After so many months of construction, it was such a delight to see a bird enjoying the Māla and flying through the spray of the water sprinkler while we were planting!
Enter between the two pillars, Kahikina [kah-hee-KEE-nah] and Komohana [koh-moh-HAH-nah], East and West.
The triangular shape of the garden calls to mind Maunakea, and the spiraling pathway reminds us of a journey to the heart of the mountain. Let the imagination roam and find your own personal meaning.
The hāpuʻu pulu [HAH-POO-oo POO-loo] is a critical plant for the Hawaiian forest. It’s fibrous trunk provides a home for the native epiphytes, and when it dies, it provides the mulch which nourishes the trees and other plants. Whole communities of native plants and insects can spend generations on one tree fern! You can touch the trunk and see how it feels. Gently stroke the pulu, the red “fur” this fern is named for. At one time, Hawaiʻi exported tons of pulu for use as stuffing in the mattress industry. During famines, the hāpuʻu was baked, and the starchy core eaten. Visit Niaulani in Volcano Village and take a walk through their fern forest. Native plants are identified by informative markers.
Under the hapuʻu pulu, palapalai [pah-lah-pah-LAH-ee] grows. The fern is used in lei making and in ceremony. It is associated with Hiʻiakaikapoliopele, the patroness of hula. She is the youngest sister of Pele, the goddess of the volcano.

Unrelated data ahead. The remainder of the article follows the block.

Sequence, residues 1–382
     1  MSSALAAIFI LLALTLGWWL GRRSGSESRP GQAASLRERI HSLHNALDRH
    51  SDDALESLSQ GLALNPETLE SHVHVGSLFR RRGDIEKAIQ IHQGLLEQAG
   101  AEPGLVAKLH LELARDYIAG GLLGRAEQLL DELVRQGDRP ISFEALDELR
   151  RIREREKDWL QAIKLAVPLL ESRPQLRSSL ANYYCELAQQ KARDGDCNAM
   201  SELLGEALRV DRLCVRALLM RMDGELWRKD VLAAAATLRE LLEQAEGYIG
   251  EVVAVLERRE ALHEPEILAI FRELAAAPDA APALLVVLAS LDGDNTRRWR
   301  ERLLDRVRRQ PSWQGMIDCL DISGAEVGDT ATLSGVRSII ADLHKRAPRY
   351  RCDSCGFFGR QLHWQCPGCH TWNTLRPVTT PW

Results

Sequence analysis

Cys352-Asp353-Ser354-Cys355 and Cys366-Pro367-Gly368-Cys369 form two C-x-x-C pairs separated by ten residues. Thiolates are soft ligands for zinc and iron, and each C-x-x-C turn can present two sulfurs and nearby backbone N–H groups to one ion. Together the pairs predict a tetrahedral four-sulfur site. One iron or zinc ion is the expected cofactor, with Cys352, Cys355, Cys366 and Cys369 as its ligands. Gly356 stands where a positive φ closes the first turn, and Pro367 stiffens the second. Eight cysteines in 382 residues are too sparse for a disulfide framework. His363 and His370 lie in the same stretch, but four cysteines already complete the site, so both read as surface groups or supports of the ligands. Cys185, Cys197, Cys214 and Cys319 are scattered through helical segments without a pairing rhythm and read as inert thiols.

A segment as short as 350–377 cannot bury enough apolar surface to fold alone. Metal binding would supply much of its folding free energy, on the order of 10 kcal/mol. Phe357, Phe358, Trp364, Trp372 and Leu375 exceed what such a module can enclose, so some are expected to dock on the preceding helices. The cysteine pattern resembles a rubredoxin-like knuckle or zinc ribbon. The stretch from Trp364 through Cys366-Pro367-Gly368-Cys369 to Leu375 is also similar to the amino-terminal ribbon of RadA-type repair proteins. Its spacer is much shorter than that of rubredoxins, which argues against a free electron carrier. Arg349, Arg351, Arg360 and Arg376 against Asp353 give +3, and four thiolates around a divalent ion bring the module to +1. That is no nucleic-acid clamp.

Kumu Leilehua calls Kī the “Hawaiian top kitchen drawer.” She says, “It is our aspirin to reduce fever, we use it instead of plastic wrap or aluminum foil to wrap food for cooking and to line food trays, it is our string, it is a vegetable, and it is used in ceremony. During famines, the root was baked and eaten. If it continues baking until it caramelizes, it is a candy, and fermented the root is used to make the famous Hawaiian liquor, ʻōkolehao.”
It is such an important plant, with so many uses, traditional Hawaiians plant it all about their homes. Notice that the Naniloa grounds have many tī plants which are well established, and are a cherished part of the property. Hālau which need lāʻī for skirts and crafts click here.
To your left, pōhinahina [POH-HEE-nah-HEE-nah] (Vitex rotundifolia), a fragrant shrub, has a juniper-like scent. It is used like a potpourri to keep garments fresh smelling. The purple blossoms attract honeybees and butterflies, and are beautiful in lei. Pōhinahina is found along the coastline and helps to stabilize the shore. It is also known as Kolokolo Kahakai, Hinahina Kolo, Manawanawa, Mawanawana, and Pōlinalina.
Growing beside the pōhinahina is ʻilima [ee LEE mah] (Sida fallax). This variety is a low-lying coastal shrub which also is useful in stabilizing the coastal soils.